In Closing Speech, Obama Does What He Needed To Do
President Obama didn't blow the doors off the Time Warner Cable Arena last night, but he didn't need to.
Last night’s acceptance speech by President Obama may have lacked the soaring rhetoric of his 2004 Keynote Address or his acceptance speech at Mile High Stadium four years ago, but he nonetheless closed out the Democratic National Convention with a good speech that accomplished what he needed to and closed out what has been a very successful, on message, week for his party:
CHARLOTTE, N.C. — President Obama accepted the Democratic nomination for a second term on Thursday night, making a forceful argument that he had rescued the economy from disaster and ushered in a recovery that would be imperiled by a return to Republican stewardship.
Describing himself as “mindful of my own failings,” Mr. Obama conceded the country’s continuing difficulties while defending his record and pleading for more time to carry out his agenda. He laid out a long-term blueprint for revival in an era obsessed with short-term expectations.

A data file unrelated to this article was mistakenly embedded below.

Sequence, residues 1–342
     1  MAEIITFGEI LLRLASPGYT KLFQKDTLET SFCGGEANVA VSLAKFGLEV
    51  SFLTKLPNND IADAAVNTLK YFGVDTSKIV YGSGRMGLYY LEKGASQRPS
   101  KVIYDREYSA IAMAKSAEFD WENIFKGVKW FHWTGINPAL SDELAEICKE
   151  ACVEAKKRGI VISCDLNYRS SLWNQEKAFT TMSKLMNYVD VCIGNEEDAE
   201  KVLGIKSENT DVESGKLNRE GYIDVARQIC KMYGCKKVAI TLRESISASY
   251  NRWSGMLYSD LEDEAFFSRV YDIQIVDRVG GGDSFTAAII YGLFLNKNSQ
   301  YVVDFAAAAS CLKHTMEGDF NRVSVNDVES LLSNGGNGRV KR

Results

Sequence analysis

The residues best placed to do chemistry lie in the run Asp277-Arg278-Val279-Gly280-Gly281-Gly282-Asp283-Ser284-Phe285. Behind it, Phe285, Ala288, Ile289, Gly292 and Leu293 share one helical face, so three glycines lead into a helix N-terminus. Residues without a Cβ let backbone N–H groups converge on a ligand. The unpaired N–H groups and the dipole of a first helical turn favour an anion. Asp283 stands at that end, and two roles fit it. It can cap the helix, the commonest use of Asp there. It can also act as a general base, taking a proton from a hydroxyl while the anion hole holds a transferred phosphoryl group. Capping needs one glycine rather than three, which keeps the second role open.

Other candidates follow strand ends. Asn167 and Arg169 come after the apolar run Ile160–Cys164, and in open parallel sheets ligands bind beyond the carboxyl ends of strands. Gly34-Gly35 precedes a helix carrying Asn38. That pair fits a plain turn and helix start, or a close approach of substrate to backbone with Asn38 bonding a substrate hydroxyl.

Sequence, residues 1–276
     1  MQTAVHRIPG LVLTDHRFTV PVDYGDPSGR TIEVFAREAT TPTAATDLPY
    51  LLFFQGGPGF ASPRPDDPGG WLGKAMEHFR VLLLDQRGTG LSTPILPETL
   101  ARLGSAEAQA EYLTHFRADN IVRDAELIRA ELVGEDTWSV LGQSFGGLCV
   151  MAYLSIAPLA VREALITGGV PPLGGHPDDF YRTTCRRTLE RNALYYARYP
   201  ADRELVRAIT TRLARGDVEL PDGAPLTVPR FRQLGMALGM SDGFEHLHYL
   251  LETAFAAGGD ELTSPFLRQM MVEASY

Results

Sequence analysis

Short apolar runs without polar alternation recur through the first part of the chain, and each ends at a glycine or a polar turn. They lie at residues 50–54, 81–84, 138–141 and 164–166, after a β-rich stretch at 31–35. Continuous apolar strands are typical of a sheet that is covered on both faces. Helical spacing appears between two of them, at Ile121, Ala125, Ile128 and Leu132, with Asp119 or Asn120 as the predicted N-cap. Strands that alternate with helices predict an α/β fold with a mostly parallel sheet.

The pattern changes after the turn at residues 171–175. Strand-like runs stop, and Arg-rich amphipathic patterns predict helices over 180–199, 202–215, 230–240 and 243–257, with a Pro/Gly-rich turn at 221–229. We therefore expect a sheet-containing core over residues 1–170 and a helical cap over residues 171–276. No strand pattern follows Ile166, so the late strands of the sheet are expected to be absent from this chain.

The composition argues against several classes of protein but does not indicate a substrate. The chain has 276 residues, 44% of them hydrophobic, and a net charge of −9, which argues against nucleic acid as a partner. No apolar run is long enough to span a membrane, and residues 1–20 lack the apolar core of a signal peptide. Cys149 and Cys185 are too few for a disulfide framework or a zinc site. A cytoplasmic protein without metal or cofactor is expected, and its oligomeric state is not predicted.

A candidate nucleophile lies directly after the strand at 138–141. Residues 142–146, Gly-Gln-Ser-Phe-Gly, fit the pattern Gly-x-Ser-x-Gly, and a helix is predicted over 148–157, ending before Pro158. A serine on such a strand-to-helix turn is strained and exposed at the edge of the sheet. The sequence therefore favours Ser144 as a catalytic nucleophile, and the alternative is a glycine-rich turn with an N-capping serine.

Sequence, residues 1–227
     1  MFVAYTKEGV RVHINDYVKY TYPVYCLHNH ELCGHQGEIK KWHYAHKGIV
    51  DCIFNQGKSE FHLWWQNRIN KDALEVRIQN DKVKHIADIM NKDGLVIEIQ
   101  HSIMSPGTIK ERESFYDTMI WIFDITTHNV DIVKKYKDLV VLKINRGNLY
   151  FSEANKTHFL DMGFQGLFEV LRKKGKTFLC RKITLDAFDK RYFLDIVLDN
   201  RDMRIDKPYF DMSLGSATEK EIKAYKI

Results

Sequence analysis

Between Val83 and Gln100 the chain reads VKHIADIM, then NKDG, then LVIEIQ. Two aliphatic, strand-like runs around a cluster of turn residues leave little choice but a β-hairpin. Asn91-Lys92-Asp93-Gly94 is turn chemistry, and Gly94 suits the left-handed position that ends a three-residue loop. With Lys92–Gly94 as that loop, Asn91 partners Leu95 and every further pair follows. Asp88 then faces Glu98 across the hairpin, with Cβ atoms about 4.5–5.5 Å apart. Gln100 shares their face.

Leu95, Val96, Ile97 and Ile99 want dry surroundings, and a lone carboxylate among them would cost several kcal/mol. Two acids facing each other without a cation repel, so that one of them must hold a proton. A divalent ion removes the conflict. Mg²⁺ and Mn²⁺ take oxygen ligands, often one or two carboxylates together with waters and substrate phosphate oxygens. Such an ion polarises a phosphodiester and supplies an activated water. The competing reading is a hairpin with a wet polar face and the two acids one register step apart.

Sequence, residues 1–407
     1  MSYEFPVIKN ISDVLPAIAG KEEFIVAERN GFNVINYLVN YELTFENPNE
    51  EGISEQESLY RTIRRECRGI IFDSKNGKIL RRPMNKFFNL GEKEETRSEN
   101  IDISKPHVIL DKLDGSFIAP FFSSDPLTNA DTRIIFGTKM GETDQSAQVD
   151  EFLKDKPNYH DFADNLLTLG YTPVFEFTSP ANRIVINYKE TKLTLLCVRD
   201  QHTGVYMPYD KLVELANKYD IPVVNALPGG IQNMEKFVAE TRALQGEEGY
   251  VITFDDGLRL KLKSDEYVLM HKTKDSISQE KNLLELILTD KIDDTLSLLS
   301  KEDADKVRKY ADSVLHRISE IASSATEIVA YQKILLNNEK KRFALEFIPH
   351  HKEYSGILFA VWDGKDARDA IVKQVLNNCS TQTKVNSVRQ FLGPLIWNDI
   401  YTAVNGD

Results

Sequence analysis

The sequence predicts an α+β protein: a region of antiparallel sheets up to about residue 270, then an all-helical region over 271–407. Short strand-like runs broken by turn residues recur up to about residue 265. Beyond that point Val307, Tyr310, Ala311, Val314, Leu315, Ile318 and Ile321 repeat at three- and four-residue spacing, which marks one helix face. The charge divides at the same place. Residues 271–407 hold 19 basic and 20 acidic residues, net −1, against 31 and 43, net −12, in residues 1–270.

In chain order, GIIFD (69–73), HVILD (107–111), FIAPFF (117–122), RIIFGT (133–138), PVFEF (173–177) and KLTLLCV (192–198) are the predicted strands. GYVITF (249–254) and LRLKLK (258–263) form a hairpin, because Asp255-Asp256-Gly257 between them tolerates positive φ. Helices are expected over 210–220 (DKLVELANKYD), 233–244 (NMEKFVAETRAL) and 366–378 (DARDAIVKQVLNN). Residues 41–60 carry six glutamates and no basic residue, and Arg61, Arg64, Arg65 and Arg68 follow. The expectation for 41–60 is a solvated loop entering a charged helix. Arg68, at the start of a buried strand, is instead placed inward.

“I won’t pretend the path I’m offering is quick or easy; I never have,” Mr. Obama told a packed arena of 20,000 party leaders and activists. “You didn’t elect me to tell you what you wanted to hear. You elected me to tell you the truth. And the truth is, it will take more than a few years for us to solve challenges that have built up over decades.”
He added: “But know this, America: Our problems can be solved. Our challenges can be met. The path we offer may be harder, but it leads to a better place. And I’m asking you to choose that future.”
The president’s appearance at the Time Warner Cable Arena underscored the tumultuous journey he and the country have been on since his first nomination in Denver. Four years after fireworks consecrated his storybook campaign to become the nation’s first black president, Mr. Obama took the stage on Thursday as a politician who had come down to earth and was locked in the fight of his life against the Republican nominee, Mitt Romney.